March 21, 2010 in Sports

Michigan State wins thriller

By The Spokesman-Review
 
Kathy Plonka photo

Michigan’s Derrick Nix, left, and Draymond Green celebrate after their win against Maryland in the NCAA matchup at the Spokane Arena in Spokane, Wash., on Sunday , March 21, 2010.
(Full-size photo)(All photos)

Korie Lucious and his Michigan State teammates received the official word on the status of teammate Kalin Lucas at halftime of Sunday’s second-round NCAA men’s basketball tournament showdown against fourth-seeded Maryland at the Arena.

It wasn’t good.

Lucas, MSU’s junior point guard, was finished – not just for the game, but for the season – after apparently aggravating an old ankle injury a few minutes earlier. The Spartans were about to return to the floor to deal with another 20 minutes of Maryland’s suffocating, full-court defensive pressure without the trusted and steady Lucas

“It was devastating to see ‘K’ go down,” Lucious later said. “And when they told me he wasn’t going to return, I knew I had to step up my leadership role.”

Which is exactly what the 5-foot-11 sophomore guard did – not only in handling the Terrapins’ second-half defensive pressure, but in calmly stroking the winning shot.

Lucious, just moments after Greivis Vasquez had put Maryland ahead on a tough leaner in the lane with 6 seconds remaining, freed himself near the top of the key on MSU’s ensuing possession and icily drained a buzzer-beating 3-pointer to give the fifth-seeded Spartans a riveting 85-83 victory that propelled them into a Sweet 16 matchup against No. 9 Northern Iowa in the semifinals of the Midwest Regional in St. Louis on Friday.

MSU’s Draymond Green, who had hit what he thought was “the biggest shot of my life” to give the Spartans an 82-81 lead just 20 seconds earlier – only to have it trumped by Vasquez – reluctantly assisted on Lucious’ game winner.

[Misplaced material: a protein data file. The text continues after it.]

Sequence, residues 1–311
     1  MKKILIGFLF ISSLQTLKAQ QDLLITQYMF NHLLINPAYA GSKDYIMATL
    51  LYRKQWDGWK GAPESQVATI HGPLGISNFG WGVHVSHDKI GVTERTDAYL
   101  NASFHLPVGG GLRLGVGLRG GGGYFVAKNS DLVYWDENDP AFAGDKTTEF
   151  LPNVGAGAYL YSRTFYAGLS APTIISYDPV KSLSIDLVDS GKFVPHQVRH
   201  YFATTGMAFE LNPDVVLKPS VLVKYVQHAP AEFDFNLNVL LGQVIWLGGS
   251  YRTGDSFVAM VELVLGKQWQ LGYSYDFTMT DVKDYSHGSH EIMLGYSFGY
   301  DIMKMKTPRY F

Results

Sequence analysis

“He was yelling, ‘Dray-Dray, Dray-Dray,’” said the 6-foot-6 sophomore, who had been pushed into a point forward-like role in the absence of Lucas and Chris Allen, who played only four minutes after spraining the arch in his left foot during Friday’s 70-67 first-round win over New Mexico State.

“But I wanted to be the hero, too.”

In the end, however, Green gave up the ball, and the Spartans (26-8) prevailed.

Maryland (24-9) trailed by as many as 16 points in the second half, but rallied for an 83-81 lead with 6 seconds left. Vazquez, the Atlantic Coast Conference’s player of the year, scored 13 of his 26 points in the final 7 minutes to fuel the Terrapins’ late-game surge, and thought the final bucket of his career might have been the clincher.

“It’s hard to explain,” said the 6-foot-6 senior, who scored 10 of Maryland’s last 12 points. “I thought we had the game won, and they come right back and end up making a 3. Give them credit – (Lucious) is going to remember that shot for the rest of his life.”

Lucious finished with 13 points, two assists and only two of the Spartans’ 19 turnovers. But he had plenty of help from Durrell Summer, who knocked down 6 of 7 3-point attempts to equal his career high with 26 points, and Raymar Morgan, who added 17 points and blocked three shots.

MSU coach Tom Izzo told his players late in the game that they were going to win, adding, “And it’s going to be one of the greatest wins in the history of Michigan State.”

Afterward, he saidd that might have been a bit of an exaggeration. But he praised the way his team fought through the injury adversity it encountered.

“I just couldn’t be prouder of my team,” he said. “And, yet, I think we beat a very, very well-coached and good team – and great player in Vasquez.”

Vasquez, who was 9 for 20 from the field, also had eight assists, four rebounds and three steals.


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